It's no coincidence GM has just come out with its own all-aluminum twin-turbo V-6; after all, Ford's EcoBoost engine is the best-selling power plant choice in the half-ton class, and it makes good business sense for GM to spread the costs of engine development over the widest possible product plan rollout.
That's why we'll see the new powertrain and transmission in Cadillac first, then maybe in the Camaro or a smaller Corvette after that, then on down the food chain. But make no mistake; this engine will be dropped into the new full-size GM platform.
In the same way the engine first is put to work in a Cadillac, we fully expect the first pickup truck to grab the premium V-6 to be the GMC Sierra, possibly a new Sierra Denali 1500. Although we've heard no official confirmation from GM, there are several reasons why this is a no-brainer.
First, turbos do wonderful things for torque curves. A normally aspirated V-8 typically reaches its torque peak somewhere around 4,000 rpm, with a slow ramp up and a very fast drop off. The EcoBoost and the new GM engine behave much differently, thanks in large part to high-pressure direct injection and two small exhaust turbochargers. From our experience with the EcoBoost, we've seen as much as 90 percent of the engine's available torque start at 1,700 rpm and last clean through 5,000 rpm.
Even the test data GM provided in its Cadillac CTS press release noted the new 3.6-liter motor would have a relatively flat (we'll assume at least 90 percent) torque curve from 2,500 rpm to 5,500 rpm. For towing performance in particular, it is a huge advantage to have that much of the available torque accessible in a lower and wider range of engine speeds. Not surprisingly, those characteristics are more in line with big-hauling, heavy-duty turbo-diesel engines like the Cummins, Power Stroke and Duramax.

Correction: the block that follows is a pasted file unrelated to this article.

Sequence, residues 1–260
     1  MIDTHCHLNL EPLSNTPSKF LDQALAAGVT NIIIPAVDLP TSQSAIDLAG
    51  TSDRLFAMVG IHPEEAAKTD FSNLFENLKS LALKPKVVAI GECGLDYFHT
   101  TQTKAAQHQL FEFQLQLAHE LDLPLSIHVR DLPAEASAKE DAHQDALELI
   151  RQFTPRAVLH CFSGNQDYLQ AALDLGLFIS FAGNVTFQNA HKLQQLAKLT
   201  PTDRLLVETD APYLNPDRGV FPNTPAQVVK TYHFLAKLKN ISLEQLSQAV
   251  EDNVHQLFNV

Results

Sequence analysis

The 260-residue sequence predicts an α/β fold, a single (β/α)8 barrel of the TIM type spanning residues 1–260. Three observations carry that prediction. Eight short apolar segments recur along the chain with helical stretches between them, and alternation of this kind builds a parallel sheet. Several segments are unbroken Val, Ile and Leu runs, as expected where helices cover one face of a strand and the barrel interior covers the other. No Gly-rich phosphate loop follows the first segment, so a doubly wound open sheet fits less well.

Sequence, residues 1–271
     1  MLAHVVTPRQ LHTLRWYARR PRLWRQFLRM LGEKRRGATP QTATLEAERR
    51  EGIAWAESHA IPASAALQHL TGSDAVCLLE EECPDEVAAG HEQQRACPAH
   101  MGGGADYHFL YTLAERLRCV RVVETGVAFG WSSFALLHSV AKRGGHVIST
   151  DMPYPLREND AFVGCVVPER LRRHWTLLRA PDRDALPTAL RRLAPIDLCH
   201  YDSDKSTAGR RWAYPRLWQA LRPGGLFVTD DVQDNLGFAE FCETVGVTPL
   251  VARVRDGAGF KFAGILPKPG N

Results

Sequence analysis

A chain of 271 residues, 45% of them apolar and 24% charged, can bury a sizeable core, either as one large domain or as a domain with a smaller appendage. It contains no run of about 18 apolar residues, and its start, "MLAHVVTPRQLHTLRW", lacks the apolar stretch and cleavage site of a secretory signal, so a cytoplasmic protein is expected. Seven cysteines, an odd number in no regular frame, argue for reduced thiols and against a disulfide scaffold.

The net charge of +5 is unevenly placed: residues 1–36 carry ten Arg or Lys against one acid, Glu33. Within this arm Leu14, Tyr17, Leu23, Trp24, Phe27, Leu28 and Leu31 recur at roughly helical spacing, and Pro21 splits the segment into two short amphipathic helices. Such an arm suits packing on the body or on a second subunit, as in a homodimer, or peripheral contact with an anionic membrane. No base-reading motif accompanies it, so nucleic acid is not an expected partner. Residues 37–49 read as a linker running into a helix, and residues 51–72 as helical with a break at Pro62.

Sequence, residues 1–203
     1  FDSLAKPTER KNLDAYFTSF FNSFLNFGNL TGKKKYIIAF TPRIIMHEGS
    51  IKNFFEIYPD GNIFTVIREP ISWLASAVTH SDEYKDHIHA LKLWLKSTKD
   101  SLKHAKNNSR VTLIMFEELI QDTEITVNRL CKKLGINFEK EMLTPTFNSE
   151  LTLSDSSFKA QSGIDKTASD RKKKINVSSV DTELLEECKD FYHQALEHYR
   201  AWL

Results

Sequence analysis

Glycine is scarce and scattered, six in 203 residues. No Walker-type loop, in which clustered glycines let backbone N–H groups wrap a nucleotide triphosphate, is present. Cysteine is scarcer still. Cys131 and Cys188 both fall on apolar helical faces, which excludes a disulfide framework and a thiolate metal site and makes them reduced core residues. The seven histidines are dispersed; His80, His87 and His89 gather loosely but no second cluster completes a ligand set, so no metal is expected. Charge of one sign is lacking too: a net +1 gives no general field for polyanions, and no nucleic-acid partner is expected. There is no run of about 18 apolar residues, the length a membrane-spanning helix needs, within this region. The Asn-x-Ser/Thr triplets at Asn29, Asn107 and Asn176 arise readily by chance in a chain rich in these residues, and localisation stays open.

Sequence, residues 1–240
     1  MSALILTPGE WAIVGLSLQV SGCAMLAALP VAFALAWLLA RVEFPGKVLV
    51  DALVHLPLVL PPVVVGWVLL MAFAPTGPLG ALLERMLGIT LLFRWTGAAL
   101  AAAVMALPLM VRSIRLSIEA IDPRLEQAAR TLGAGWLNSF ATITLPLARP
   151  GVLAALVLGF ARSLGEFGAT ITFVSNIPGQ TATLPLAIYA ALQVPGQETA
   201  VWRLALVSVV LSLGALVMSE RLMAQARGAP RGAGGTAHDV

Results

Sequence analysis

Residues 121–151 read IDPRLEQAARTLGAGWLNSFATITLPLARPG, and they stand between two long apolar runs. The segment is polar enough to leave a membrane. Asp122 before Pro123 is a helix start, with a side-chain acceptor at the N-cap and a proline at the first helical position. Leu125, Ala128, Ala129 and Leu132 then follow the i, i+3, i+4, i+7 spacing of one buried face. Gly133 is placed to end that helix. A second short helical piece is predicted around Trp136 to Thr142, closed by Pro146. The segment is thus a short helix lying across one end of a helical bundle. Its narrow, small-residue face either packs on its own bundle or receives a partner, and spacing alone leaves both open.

Additionally, when not towing or in a heavy-hauling situation, and when feather footing the truck around town empty, the engine will behave like a basic V-6 engine, weighing quite a bit less than a comparable V-8 and providing much better around town and highway fuel economy.
Although the only fuel estimates (17/25 mpg city/highway) GM provided in the press release relies on factors that include a smaller, lighter car sedan platform, we're guessing it won't drop by much when tested inside a Silverado, which some insiders have told us could offer several lightweight platform packages. It's also possible GM will put this new Silverado twin-turbo V-6 through EPA testing procedures with regular fuel (although Cadillac specs show premium fuel will be required) and take the initial hit in power output and possibly fuel economy in order to be able to say the mainstream Silverado will run on regular fuel, just like Ford's EcoBoost. We should note Ford tells us that its power outputs improve slightly, measuring 385 horsepower and 430 pounds-feet of torque when using premium fuel, instead of the regular fuel the owner's manual recommends.
What will all this mean in a Silverado? We'd like to think the new technology means better choices for truck customers, giving them more capability with fewer tradeoffs. Technology updates such as this — powertrains that let us have our cake and eat it too — are always hugely appreciated.